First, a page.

What's Black and White and Read All Over?

Well it’s not a zebra being bitten by flies; it’s the newspapers that are reporting about zebras. I’m sure many of you have seen the story by now that scientists have finally answered the question about why zebras have stripes. Just check out some of the headlines:

  • Scientists Solve Mystery of Why Zebras Have Stripes (E Canada Now)
  • Why Do Zebras Have Stripes? Mystery Solved, Scientists Say (NBCNews.com)
  • Why do zebras have stripes? Scientists have the answer (The Guardian)
  • Scientists solve the riddle of zebras' stripes (UC Davis)
 Zebras in Botswana displaying what used to be one of nature's greatest mysteries. Now if only we could figure out how they get their mohawks to stay like that... Image Credit: Paul Maritz, Wikimedia commons.

Zebras in Botswana displaying what used to be one of nature's greatest mysteries. Now if only we could figure out how they get their mohawks to stay like that... Image Credit: Paul Maritz, Wikimedia commons.

In case you haven’t read the story, I’ll give you the summary. A team of researchers from the University of California, Davis set out to answer the question of why zebras have stripes. Scientists have come up with a lot of different hypotheses over the years, but no one can agree on which one is right. Here are the five that the UC Davis team evaluated.

  1. The vertical stripes help to provide camouflage in tall grass.
  2. The stripes confuse predators with motion dazzle (when a group of zebras are moving together, it will be difficult for a predator to target one individual.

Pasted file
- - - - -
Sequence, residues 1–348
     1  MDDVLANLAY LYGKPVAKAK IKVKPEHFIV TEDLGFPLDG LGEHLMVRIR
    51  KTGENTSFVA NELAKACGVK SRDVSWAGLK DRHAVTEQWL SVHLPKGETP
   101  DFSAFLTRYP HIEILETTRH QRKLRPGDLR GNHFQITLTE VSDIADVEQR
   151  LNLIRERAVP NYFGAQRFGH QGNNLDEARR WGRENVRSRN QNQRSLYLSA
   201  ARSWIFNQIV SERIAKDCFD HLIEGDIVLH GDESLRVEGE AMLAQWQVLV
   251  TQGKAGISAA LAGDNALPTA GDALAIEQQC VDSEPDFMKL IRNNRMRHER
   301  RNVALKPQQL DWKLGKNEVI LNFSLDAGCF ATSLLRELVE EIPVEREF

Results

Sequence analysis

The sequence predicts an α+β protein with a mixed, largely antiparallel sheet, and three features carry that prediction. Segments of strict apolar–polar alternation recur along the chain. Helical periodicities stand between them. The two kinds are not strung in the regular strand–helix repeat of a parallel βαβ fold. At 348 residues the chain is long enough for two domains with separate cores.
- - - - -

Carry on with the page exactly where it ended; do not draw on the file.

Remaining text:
3. They serve as a visual cue or identifier (like a barcode) that helps with sexual selection.
  4. The black and white help the animals to regulate heat.
  5. The stripes deter biting flies.

All of these hypotheses have been individually tested over the years, and scientists have been debating them since the time of Charles Darwin and Alfred Russel Wallace. What makes the new study different is that they tested every hypothesis at once. They looked at the ranges of zebra species (and striped equids) and their subspecies, and how those ranges overlap with habitat types, predators, climate, biting fly ranges, etc. They found that the different patterns of the subspecies correlated the most with the fly distributions. The article is here (though sadly behind a paywall), if you want to know more.

I’m not actually here to talk about zebras, though. I want to give you some insight into science and science reporting. Take another look at those headlines. Now, compare them to this excerpt from the publication’s abstract:

For subspecies, there are significant associations between our proxy for tabanid biting fly annoyance and most striping measures … and between belly stripe number and tsetse fly distribution, several of which are replicated at the species level. Conversely, there is no consistent support for camouflage, predator avoidance, heat management or social interaction hypotheses.

The researchers never mention anything about solving the mystery, or proving any hypotheses. They say that they found “significant associations” for one and “no consistent support” for the others.

Why can't they be sure?

To explain why they avoided any bold statements, I'll need to back up and give you a short lesson about the scientific method. Science is all about asking questions, thinking of possible answers, and testing those answers. We call those potential answers hypotheses, and we test them through experiments.